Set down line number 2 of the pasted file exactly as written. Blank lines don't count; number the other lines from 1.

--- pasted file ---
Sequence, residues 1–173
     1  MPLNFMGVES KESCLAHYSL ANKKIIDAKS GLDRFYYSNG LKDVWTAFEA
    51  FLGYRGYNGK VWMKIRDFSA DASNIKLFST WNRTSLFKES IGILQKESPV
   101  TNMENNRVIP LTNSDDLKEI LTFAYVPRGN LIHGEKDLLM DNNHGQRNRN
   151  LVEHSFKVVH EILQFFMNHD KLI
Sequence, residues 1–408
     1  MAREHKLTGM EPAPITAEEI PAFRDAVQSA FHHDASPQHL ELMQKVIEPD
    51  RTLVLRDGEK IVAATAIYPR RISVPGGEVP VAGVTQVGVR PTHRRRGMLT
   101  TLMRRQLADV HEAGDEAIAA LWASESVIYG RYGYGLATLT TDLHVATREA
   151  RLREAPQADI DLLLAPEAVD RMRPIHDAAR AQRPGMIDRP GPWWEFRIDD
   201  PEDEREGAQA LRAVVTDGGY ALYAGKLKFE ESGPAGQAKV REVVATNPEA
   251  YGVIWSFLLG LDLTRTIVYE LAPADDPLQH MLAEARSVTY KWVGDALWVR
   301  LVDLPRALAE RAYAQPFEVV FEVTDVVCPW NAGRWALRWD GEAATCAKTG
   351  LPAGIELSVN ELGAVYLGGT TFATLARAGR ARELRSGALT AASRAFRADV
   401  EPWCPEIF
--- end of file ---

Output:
     1  MPLNFMGVES KESCLAHYSL ANKKIIDAKS GLDRFYYSNG LKDVWTAFEA